You can count on kids to be brutally honest, especially when the honor of their favorite online videos is at stake.

I admit, I’m unfamiliar with what little white lies parents tell their children to stop them staring at screens all the time — but when I was a kid it was “your eyes will turn square”. This always struck me as a pretty weird thing to warn against. So what if they did turn square? All my friends were watching the same amount of TV as me, so we’d all have square eyes together.

It’s even harder now for children to resist the allure of tablet, phone and computer screens, especially since each of these devices can run YouTube. Japanese kids are just as eager to keep up with the latest unboxing videos and funny guys playing video games, and YouTube promises an endless stream of this exact content: for free!

▼ A sample of the delightful kid-targeted content on Japanese YouTube

Some parents are suspicious of this carefully curated kid content, like Twitter user @manomiya37. He decided it was time to give his son a little advice about his watching habits:

“I warned my eldest son, a fourth grader in elementary school: ‘If all you ever watch are your favorite YouTube videos, your point of view will become limited and narrow.’ He immediately retorted, ‘So were you trying to get smarter all those times you just stared at whatever the TV’s playing?’ It felt like he blasted my head right off my shoulders.”

Plenty of commenters were delighted with @manomiya37’s son’s wit, declaring that he’d already proven that he was canny enough to watch all the YouTube he likes. Other parents with YouTube-obsessed children commiserated with the woe-begotten father instead, condemning YouTube and also wishing him a speedy recovery from having his head blasted off.

Other replies dug deeper into the philosophy of the original argument. @manomiya37’s position seemed to be that watching lots of varied content, rather than only the videos you like, is a good way to broaden one’s horizons; his son’s implicit stance is that watching these things is for entertainment, not education. Most of the responses were somewhere in the middle:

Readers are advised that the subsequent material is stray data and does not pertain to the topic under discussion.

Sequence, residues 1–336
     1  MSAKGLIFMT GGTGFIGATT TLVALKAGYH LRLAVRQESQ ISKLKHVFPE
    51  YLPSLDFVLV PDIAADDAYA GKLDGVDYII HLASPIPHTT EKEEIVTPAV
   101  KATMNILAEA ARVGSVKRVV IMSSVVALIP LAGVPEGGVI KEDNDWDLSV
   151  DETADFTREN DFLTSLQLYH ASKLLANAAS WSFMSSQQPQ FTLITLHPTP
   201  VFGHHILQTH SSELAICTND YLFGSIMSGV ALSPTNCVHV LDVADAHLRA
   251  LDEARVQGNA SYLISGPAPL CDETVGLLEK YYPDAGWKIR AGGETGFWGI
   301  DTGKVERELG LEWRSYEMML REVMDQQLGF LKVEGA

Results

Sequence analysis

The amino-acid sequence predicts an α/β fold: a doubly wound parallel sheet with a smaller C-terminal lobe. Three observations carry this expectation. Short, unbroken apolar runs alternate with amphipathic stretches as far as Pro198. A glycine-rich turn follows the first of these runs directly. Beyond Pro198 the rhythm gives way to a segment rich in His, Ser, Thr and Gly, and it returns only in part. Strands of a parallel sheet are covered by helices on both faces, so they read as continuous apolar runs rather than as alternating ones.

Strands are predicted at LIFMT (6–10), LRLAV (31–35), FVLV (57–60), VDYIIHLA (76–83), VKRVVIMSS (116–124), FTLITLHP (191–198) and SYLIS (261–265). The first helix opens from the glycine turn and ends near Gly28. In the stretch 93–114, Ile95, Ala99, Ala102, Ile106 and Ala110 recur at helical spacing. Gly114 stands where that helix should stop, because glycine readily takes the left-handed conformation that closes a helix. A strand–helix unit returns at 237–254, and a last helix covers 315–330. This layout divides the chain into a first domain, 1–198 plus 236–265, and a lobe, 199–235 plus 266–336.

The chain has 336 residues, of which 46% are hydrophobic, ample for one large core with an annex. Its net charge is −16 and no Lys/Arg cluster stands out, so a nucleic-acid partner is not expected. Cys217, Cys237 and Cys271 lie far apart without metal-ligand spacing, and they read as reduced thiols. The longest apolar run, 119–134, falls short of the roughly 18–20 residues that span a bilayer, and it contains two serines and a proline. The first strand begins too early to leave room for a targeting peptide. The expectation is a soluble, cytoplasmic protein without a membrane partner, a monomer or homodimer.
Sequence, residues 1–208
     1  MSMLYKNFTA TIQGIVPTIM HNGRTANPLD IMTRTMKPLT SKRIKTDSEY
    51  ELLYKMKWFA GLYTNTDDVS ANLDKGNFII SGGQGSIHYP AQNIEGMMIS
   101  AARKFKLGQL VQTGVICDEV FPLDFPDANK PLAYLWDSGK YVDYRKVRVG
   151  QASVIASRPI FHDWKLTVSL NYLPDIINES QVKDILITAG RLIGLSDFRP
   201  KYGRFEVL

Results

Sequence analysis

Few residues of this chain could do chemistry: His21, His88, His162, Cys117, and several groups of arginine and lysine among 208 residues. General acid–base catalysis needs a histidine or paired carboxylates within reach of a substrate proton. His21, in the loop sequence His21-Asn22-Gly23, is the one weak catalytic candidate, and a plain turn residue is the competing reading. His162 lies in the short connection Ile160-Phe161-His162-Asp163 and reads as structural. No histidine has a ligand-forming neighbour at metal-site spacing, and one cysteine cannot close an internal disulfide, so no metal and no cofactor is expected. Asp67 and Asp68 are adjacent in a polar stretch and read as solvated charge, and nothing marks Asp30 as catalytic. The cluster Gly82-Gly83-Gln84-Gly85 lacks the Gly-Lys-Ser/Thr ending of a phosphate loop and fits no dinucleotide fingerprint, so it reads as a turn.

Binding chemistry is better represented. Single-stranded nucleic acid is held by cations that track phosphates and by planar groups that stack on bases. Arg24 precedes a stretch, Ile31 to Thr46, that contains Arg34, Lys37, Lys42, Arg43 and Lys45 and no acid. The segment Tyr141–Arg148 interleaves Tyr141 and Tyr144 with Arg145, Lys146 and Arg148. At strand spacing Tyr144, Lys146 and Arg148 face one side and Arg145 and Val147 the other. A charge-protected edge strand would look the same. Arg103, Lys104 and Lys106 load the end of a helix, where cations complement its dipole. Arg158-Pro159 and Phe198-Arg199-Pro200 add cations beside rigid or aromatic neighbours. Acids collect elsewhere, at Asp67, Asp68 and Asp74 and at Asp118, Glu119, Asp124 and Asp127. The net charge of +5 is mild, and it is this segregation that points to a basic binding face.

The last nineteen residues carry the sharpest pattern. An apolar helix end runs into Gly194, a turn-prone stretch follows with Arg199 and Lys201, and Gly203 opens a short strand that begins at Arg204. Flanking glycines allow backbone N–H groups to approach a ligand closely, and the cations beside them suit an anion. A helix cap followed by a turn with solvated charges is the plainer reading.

“Whatever you watch, it’s not the ‘watching’ that’s the important part. It’s thinking about what you see.”
“Neither of them make you smarter! LOL! Way to bury the lede!”
“I think you’re right though, watching whatever is on the screen without being picky exposes you to a lot of different viewpoints. It’s like how you broaden your horizons by browsing a book store and looking at the shelves, rather than just buying whatever Amazon recommends to you. It’s just an issue of whether you’re a more active person or a more passive person.”
“We’re fine without TV altogether. We can tell what’s happening in the world because of social media.”

Several commenters took a third option and implored both father and son to try reading a book instead, which might make a fun change of pace from all that screen time…depending on how you go about reading it.

Source: Twitter/@manomiya37 via Hachima Kikou
Top image: Pakutaso

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